Kathleen Kennedy and James Mangold Stand with the WGA at ‘Indiana Jones’ Cannes Press Conference

The press conference for “Indiana Jones and the Dial of Destiny” was largely an obsequious affair on Saturday, with one journalist telling Harrison Ford “You’re still hot” and asking about his workout routine, and another wearing an “Indiana Jones” t-shirt telling the actor, “Thank you for existing.”

When IndieWire got the microphone, we chose instead to address producers Kathleen Kennedy and Frank Marshall to get their take on the WGA strike, noting that a movie like “Indiana Jones” wouldn’t be able to go into production right now. “I would like to see the whole situation resolved by truly being in an environment where people can talk about what are some really complicated issues right now that are affecting the entire industry,” Kennedy said. “But when it comes to acknowledging the importance of writing, I think everybody up here demonstrates that you can’t do any of this without great writing. So all of us who make movies, who create anything on television, I am in full support — I know most people are in full support — of the writers getting what they deserve.”

Kennedy also hinted at the conversation surrounding AI technology that’s central to current negotiations. “I think what’s the meta issue here is how is that being impacted by an industry that’s in the midst of change, both technologically and just the basic aspects of how we work,” she said. “That’s going to take time and I think that’s what everybody’s getting ready for — to take the time that’s necessary to try to ensure that everybody can articulate what those feelings are and try to arrive at a resolution around alignment.”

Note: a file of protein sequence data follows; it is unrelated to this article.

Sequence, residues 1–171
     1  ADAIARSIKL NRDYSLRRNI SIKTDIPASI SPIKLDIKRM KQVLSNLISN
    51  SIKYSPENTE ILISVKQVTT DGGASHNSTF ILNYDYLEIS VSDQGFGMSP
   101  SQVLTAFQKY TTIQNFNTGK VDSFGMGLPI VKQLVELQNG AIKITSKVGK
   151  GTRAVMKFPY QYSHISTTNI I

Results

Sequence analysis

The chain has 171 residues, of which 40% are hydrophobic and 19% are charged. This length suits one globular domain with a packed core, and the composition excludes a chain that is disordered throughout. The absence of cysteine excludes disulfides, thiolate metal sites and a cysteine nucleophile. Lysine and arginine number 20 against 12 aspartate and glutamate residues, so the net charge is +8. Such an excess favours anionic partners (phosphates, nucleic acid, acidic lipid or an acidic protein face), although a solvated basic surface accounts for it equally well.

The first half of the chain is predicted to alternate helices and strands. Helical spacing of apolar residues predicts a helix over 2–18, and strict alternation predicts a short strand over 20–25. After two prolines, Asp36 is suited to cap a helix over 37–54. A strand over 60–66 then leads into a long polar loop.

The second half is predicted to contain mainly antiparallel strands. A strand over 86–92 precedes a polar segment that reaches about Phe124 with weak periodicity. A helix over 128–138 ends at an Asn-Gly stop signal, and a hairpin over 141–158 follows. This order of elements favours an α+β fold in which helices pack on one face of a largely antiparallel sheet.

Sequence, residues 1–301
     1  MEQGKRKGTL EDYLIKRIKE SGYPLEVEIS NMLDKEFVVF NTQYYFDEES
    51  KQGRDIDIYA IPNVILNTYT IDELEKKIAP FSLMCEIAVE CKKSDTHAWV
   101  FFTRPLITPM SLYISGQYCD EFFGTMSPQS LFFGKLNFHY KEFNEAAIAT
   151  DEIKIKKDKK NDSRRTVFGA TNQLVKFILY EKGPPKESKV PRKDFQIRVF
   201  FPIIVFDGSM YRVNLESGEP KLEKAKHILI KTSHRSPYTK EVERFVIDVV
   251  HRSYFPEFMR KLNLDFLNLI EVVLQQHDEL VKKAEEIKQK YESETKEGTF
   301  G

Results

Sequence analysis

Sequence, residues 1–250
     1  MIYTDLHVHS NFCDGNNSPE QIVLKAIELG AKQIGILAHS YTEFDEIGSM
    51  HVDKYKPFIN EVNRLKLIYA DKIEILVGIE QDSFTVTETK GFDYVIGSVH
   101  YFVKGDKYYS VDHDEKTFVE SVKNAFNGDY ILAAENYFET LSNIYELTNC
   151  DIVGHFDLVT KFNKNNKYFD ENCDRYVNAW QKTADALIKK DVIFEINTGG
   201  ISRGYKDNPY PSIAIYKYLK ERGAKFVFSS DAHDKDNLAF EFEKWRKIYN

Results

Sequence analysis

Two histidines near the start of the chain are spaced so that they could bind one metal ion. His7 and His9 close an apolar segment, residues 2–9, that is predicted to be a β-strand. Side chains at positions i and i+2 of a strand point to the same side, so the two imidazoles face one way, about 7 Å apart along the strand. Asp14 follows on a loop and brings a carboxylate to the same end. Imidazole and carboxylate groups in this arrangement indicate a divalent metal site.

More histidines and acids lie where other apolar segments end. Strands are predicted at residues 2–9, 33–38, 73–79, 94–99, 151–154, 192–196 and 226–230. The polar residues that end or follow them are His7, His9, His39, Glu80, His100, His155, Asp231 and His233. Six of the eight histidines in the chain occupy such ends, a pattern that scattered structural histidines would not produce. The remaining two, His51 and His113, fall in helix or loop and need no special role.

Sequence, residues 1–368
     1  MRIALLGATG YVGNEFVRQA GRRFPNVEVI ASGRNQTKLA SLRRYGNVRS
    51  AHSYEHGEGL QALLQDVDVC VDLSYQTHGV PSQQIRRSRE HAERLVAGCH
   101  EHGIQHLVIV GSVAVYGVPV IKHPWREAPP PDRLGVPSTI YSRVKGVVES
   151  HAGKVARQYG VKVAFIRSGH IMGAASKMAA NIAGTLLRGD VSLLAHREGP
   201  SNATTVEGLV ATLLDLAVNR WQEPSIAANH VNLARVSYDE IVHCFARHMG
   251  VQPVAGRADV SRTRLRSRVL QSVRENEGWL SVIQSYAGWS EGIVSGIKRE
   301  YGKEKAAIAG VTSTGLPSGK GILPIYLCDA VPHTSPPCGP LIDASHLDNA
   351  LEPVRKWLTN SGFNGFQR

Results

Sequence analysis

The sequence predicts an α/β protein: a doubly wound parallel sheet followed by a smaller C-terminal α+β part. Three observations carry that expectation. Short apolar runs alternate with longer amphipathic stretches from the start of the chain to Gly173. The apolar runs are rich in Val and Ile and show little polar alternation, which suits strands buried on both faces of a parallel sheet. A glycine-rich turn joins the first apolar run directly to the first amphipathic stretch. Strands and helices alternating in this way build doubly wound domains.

Director James Mangold also weighed in. “Of course, we’re not writing now,” he said. “Writers are often, because they’re first in the process, they’re first to be forgotten. I think that is true in so many parts of our life in their struggle to get what’s fair for everyone.”

Ford, meanwhile, fielded a few meaningful questions about his decision to move on from the franchise at the age of 80. “Is it not evident?” he asked. “I need to sit down and rest a little bit. But I love to work and I love this character and I love what it brought to my life.”

He also addressed the de-aging technology used in the film to make him look like the earlier incarnation of the character. “This iteration of technology has evolved to the point where it seems to me very realistic, and I know that it is my face. It’s not Photoshop magic. That’s what I looked like 35 years ago because Lucasfilm has every frame of film that we’ve made together over all of these years. This process of scientific mining of this library was put to good use. It’s just a trick unless it’s supported by story and it sticks out like a sore thumb if it’s not real.”

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